“Just his intelligence and his football IQ,” Brown said. “He put the work in. Whatever you need him to do, he’s going to go and do it. We lost a guy, Chris Smith, who was an All-American, who was a really good player and plays for the Raiders, and I wanted to be able to fill that spot the same way. And Bullard can play corner, he can play safety, nickel.

“So, it was easy for Bullard to go back there and be able to do that because you also wanted to get Tykee Smith [a third-round pick by the Buccaneers] on the field because you were a better football team with both of those guys on the field. So, it was an easy transition for him because he had already been doing it a little bit the year before, and he got back there really simple and done it. So, naturally, going to safety was just second nature to him.”

The Packers entered the offseason with a glaring need at safety. McKinney was the first step toward addressing a major hole on the defense. Bullard was the next. The Packers no doubt hope they’ll be fixtures on the defense for the next four-plus seasons.

“He’ll be good. He’ll fit in. He’ll do whatever the team needs,” Brown said. “He’s a leader. He gets his hands on the ball. He likes contact. He’s going to want to learn. That’s going to be the good thing about him. He’s going to know what everyone else does. I think by you understanding and knowing what everyone around you is doing, it allows you to play your position a lot easier and a lot faster. It allows you to relax and just play football.”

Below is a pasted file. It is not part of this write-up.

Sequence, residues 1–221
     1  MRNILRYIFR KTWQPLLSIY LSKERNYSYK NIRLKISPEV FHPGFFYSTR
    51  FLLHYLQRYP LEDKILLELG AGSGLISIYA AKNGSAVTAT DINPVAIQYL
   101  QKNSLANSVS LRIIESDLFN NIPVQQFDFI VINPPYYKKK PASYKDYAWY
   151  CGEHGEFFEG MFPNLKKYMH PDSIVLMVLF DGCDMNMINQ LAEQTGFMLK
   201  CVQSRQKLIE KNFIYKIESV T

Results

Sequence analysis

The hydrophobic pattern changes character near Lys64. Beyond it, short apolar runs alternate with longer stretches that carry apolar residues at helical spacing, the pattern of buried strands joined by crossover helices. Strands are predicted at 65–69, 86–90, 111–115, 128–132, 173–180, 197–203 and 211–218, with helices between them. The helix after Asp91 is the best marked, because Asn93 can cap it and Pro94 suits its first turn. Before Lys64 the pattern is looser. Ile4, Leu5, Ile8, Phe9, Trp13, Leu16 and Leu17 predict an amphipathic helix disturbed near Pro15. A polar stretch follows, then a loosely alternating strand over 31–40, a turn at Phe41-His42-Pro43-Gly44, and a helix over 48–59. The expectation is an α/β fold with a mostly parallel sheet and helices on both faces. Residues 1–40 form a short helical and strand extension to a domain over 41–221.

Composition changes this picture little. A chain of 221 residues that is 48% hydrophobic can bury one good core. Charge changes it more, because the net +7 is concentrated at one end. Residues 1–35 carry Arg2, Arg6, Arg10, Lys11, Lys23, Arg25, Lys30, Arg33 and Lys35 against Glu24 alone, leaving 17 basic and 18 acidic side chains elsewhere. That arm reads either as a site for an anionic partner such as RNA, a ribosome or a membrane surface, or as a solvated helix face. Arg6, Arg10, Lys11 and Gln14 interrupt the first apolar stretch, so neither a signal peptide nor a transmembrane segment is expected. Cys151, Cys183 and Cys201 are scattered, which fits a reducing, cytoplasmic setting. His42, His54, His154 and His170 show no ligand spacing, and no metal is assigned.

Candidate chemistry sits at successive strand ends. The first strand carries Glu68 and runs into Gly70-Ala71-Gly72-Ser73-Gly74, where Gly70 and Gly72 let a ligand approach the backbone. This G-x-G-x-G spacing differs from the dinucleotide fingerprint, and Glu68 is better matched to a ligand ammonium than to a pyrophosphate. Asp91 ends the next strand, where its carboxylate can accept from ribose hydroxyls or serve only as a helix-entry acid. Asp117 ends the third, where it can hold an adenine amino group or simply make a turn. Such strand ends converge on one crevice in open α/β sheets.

Brown spent two years with the Cincinnati Bengals before embarking on his college coaching career. So, he knows what NFL defensive backs look like.

Now that Bullard has made it to the NFL, why is he going to be a hit?

“Because he won’t stop working. You know what I’m saying?” Brown said. “He’s going to keep working. He’s not going to stop. He’s not going to be comfortable with just being on the team. He wants to be the best.

“He’s not going to be comfortable with winning a few games. He comes from winning national championships. Javon Bullard lost two games his entire college career. He lost two games within two plays that could have changed those two games to being no losses at all. So, he’s a winner.”

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Bill Huber


Bill Huber, who has covered the Green Bay Packers since 2008, is the publisher of Packer Central, a Sports Illustrated channel. E-mail: History: Huber took over Packer Central in August 2019. Twitter: Background: Huber graduated from the University of Wisconsin-Whitewater, where he played on the football team, in 1995. He worked in newspapers in Reedsburg, Wisconsin Dells and Shawano before working at The Green Bay News-Chronicle and Green Bay Press-Gazette from 1998 through 2008. With The News-Chronicle, he won several awards for his commentaries and page design. In 2008, he took over as editor of Packer Report Magazine, which was founded by Hall of Fame linebacker Ray Nitschke, and In 2019, he took over the new Sports Illustrated site Packer Central, which he has grown into one of the largest sites in the Sports Illustrated Media Group.